MANILA, Philippines (UPDATE) - The Bangko Sentral ng Pilipinas (BSP) kept its policy rates steady and raised banks' reserve requirements, as widely expected, to dampen liquidity from strong capital inflows that threaten to push up inflation beyond target.
The central bank kept the overnight borrowing rate at a two-year high of 4.5%, and the overnight lending rate at 6.5%. It raised banks' regular reserve requirement by one percentage point to 21% to take effect on August 5.
Earlier, 12 of 15 economists polled by Reuters had expected no change in rates, while seven of 12 had forecast a hike in bank's required reserves. Three predicted a 15 basis point increase in rates.
"The BSP policy decision was along our expectations. Despite their mixed rhetoric of late, policymakers had been resolute in singling out flush liquidity as one of the drivers of price pressures, thus following up the June hike with another in July," said Radhika Rao of Forecast Pte, Singapore.
"I think the central bank is right to not be too aggressive in tightening monetary policy. The expected inflation in Philippines is quite benign and within the central bank's target range," added Edward Teather of UBS.
The BSP, which meets every six weeks, said inflation expectations remained well-contained, and it sees the rate peaking in the fourth quarter.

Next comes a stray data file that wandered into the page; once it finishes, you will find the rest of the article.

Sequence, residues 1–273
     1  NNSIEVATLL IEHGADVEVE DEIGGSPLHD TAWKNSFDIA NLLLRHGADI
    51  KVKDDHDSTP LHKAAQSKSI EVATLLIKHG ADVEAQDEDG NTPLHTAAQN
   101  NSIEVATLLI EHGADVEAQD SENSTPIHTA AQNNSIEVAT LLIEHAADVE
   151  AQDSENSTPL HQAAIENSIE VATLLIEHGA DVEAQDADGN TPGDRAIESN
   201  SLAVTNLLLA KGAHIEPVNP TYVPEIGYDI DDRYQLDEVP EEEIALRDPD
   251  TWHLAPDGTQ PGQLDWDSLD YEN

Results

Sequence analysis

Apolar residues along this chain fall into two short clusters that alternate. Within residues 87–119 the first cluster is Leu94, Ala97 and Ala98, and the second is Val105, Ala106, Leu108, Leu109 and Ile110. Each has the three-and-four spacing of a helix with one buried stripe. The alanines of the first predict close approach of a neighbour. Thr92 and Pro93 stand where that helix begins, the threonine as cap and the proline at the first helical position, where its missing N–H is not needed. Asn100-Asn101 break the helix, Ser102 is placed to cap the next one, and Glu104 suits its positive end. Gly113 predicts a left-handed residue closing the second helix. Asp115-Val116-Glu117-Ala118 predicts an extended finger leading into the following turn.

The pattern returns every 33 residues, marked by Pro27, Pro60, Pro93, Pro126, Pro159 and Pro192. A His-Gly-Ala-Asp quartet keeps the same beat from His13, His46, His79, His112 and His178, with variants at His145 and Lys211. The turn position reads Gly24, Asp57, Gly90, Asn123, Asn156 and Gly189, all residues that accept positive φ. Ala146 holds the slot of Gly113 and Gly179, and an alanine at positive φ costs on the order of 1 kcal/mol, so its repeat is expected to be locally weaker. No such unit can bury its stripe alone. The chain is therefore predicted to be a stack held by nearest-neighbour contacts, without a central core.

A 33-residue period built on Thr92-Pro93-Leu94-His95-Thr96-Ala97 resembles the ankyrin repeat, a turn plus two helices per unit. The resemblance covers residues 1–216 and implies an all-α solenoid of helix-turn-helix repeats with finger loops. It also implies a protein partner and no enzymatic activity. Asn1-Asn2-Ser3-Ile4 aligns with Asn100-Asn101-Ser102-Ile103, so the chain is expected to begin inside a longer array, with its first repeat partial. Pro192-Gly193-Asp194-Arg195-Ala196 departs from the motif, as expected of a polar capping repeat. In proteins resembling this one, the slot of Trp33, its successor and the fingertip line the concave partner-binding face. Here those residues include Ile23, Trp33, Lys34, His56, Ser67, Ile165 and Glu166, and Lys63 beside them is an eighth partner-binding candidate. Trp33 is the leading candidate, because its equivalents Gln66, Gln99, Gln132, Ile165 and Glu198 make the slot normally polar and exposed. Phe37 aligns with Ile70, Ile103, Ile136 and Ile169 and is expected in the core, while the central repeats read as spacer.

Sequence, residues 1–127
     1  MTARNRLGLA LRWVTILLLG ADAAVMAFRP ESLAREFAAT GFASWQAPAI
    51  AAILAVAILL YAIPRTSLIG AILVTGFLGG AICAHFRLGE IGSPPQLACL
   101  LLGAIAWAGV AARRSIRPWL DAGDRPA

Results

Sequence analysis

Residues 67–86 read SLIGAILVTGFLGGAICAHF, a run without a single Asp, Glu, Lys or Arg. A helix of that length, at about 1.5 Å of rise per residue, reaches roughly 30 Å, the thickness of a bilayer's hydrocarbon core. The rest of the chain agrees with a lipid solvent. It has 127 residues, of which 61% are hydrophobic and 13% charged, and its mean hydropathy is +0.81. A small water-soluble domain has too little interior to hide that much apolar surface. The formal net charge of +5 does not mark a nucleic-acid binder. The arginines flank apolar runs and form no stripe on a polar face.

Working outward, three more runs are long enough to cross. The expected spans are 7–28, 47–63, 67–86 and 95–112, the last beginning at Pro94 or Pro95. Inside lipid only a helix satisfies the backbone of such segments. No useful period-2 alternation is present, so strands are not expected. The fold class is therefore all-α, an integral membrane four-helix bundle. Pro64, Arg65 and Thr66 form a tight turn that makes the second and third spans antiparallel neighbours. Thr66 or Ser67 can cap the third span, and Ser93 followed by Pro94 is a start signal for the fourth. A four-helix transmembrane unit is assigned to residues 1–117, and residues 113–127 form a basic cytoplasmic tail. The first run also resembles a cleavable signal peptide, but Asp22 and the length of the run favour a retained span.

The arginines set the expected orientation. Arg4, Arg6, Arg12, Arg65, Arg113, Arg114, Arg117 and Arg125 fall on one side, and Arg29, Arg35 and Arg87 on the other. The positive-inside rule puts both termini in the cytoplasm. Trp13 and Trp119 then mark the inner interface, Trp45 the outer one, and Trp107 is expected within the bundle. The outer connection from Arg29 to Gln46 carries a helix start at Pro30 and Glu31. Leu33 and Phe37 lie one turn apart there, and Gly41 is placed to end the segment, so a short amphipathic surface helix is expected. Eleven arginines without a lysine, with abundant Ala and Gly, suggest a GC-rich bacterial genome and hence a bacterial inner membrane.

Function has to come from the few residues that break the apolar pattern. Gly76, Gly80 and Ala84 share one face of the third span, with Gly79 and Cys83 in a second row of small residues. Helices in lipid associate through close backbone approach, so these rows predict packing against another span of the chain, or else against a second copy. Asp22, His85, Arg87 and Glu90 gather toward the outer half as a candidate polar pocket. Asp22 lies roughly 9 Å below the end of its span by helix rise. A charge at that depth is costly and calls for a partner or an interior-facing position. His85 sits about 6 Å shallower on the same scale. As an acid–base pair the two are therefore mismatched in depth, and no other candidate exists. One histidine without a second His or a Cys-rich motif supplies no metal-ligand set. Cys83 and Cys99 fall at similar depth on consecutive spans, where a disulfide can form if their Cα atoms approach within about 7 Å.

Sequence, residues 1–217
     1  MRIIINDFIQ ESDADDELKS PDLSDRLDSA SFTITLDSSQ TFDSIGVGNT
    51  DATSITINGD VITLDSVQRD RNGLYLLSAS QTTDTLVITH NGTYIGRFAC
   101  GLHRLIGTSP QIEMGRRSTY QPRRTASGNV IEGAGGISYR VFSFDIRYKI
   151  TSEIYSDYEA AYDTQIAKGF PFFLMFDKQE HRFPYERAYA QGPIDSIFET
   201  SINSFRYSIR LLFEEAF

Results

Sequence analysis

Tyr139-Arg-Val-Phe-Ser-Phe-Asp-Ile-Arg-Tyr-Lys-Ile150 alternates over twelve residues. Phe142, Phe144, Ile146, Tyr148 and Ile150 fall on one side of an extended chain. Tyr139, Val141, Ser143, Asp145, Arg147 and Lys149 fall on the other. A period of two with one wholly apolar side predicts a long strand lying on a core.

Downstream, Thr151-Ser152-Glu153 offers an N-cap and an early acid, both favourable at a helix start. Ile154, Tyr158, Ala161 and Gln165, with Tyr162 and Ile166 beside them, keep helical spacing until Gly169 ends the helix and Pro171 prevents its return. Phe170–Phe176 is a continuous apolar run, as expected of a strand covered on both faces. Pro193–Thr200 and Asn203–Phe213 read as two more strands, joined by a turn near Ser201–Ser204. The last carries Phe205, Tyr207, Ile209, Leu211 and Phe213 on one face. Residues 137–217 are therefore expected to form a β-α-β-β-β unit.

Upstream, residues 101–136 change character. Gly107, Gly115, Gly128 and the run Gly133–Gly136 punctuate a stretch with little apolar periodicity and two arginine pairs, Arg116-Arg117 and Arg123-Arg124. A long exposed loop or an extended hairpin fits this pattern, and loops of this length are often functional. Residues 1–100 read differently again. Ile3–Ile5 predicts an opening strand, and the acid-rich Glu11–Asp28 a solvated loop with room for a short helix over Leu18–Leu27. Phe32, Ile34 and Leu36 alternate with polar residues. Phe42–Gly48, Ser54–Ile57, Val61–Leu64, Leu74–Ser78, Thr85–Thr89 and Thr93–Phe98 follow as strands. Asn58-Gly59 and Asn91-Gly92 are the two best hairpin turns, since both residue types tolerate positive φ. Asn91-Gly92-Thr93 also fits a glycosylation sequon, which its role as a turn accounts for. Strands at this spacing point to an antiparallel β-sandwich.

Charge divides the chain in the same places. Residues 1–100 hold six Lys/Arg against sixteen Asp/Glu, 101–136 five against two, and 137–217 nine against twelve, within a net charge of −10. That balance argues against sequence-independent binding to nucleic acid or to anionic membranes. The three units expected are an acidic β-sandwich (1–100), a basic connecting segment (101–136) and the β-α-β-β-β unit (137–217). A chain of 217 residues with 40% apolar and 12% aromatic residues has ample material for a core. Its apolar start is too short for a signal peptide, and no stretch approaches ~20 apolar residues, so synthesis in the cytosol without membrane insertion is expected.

This year, the central bank expects inflation to average 4.7%, within the government official target range of 3% to 5%.
Finance Secretary Cesar Purisima earlier said that policymakers want to ensure monetary policy is ahead of inflation and will take into account the peso's strength and strong inflows in their future policy actions.
Policymakers have repeatedly flagged the risks posed by volatile global commodity prices and the prospect of sustained strong capital inflows as yield-seeking investors flock to faster-growing emerging market economies.
Economic Planning Secretary Cayetano Paderanga has said annual Philippine growth in the second quarter was likely to have been faster than the March quarter's 4.9%, but unlikely to outpace the 8.9% growth in same period last year.
The government is targeting growth of 7% to 8% this year, after a 7.6% expansion in 2010. Economists expect growth to slow to 5.4%.
The central bank is expected to resume raising interest rates later this year, and economists have pencilled in at least one more rate increase that would bring the key overnight borrowing rate to 4.75% by year-end.
The Philippines was the last major economy in Asia to hike its policy rates in March after the global financial crisis. - Reuters